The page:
According to the Ministry of Agriculture and Farmers Welfare, as of October 2020, over 10.5 crore farmers have benefited under the PM-KISAN scheme, and over ₹77,000 crores have been disbursed.
The impact of these schemes on the lives of the common man can be seen in true stories from across the country. Take, for example, the story of Rajesh Kumar, a resident of a small village in Uttar Pradesh who had been struggling to make ends meet. He had never had access to formal banking services and had never been able to access government welfare schemes. However, with the launch of the Jan Dhan accounts and the linking of these accounts to the Aadhar, Rajesh Kumar was able to open a bank account and access government welfare schemes, resulting in a significant improvement in his financial situation.
Similarly, in the state of Maharashtra, the implementation of the DBT scheme for the Public Distribution System (PDS) has ensured that the benefits of the scheme reach the intended beneficiaries directly and without any leakages. This has resulted in an increase in the number of beneficiaries and a reduction in the number of fake ration cards.
Suman, a housewife from a small village in Odisha, was able to avail the benefits of the Pradhan Mantri Ujjwala Yojana, which helped her access clean and safe cooking fuel, and improved her overall health and well-being.
Another example of how these schemes have impacted the lives of the common man is the story of Raju, a small farmer from the state of Gujarat. Raju had been facing financial difficulties due to the lack of proper irrigation facilities and the high cost of inputs. However, with the implementation of the PM-KISAN scheme, Raju could access the financial assistance provided by the government, which helped him purchase inputs and improve his irrigation facilities. This led to an increase in crop yield and a significant improvement in his financial situation.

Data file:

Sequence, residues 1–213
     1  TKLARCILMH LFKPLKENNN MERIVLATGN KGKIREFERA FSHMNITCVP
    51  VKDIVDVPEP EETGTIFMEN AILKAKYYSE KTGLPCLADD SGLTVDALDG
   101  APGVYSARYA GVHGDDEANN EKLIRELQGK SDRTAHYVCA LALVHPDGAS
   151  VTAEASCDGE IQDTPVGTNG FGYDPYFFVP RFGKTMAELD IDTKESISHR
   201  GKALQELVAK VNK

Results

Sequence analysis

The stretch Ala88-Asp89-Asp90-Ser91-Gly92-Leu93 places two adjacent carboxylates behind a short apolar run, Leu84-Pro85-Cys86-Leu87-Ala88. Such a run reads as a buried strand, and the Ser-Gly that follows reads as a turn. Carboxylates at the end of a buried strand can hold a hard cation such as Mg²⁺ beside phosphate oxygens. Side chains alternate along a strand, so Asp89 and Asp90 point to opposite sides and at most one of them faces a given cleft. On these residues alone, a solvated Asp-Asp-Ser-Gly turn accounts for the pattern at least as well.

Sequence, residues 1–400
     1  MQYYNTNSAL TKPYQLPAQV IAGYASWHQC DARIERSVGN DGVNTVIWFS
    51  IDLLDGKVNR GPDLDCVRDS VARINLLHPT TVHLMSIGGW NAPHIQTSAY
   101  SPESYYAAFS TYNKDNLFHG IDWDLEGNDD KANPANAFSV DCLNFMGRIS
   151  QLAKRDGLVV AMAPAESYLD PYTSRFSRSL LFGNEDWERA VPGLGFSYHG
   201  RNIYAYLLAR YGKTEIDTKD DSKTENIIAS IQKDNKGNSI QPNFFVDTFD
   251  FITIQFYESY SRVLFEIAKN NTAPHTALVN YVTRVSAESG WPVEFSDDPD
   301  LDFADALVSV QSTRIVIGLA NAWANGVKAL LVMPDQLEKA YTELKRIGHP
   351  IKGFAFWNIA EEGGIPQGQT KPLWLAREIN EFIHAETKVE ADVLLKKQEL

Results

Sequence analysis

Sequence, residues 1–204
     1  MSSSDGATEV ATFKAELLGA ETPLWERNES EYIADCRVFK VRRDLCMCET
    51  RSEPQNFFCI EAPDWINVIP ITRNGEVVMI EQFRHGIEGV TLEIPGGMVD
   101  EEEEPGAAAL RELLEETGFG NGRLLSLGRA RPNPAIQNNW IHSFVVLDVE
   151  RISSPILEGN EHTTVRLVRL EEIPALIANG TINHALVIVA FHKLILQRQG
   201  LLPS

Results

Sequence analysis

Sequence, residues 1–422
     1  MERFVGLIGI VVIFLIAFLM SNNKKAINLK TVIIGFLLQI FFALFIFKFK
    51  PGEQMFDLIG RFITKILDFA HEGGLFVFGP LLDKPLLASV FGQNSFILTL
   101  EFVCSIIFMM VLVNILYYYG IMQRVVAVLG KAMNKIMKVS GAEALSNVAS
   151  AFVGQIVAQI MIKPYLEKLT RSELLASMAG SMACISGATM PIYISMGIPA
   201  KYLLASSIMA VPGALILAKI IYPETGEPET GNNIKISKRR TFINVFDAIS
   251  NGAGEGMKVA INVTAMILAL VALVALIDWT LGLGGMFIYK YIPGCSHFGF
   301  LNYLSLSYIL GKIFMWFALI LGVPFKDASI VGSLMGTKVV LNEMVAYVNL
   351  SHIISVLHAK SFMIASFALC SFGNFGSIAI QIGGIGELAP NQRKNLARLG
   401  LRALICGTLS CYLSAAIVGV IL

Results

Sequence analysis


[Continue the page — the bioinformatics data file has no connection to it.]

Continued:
These stories are just a testament to the impact that DBT has had on the lives of the common people. It has helped to ensure that the government's welfare schemes reach the intended beneficiaries, and it has done so with minimal leakage and maximum efficiency. The implementation of DBT has been nothing short of a paradigm shift in how governance is being conducted in India and serves as a shining example of the Modi government's commitment to good governance and the welfare of the common man.
In conclusion, the current government's regime has taken several steps that have brought about a significant change in how governance is conducted in India. Launching the Jan Dhan accounts and implementing the DBT, the PMAY, and PM-KISAN schemes have ensured that the benefits of various welfare schemes reach the intended beneficiaries directly and without any leakages. This has greatly reduced the gap between government spending and the money that reaches the beneficiaries and has brought about a change for the better for the common man.
As the late Prime Minister Rajiv Gandhi had said, "out of every rupee spent by the government for the welfare of the downtrodden, only fifteen paise actually reached the persons for whom it was intended." But with the current government's initiatives, it can be said that the situation has changed for the better, and now the common man is getting their one rupee.
The government's efforts to digitise welfare schemes and to ensure the direct transfer of benefits to the intended beneficiaries have not only brought about a change in the financial situation of the underprivileged. Still, they have also ensured transparency and accountability in delivering these schemes. It is now the responsibility of the government to continue to build on these efforts and to ensure that the benefits of these schemes reach the most marginalised and underprivileged sections of society. With the right policies and implementation, we can move closer to ensuring that every rupee spent by the government reaches the intended beneficiaries and brings about a change for the better for the common man.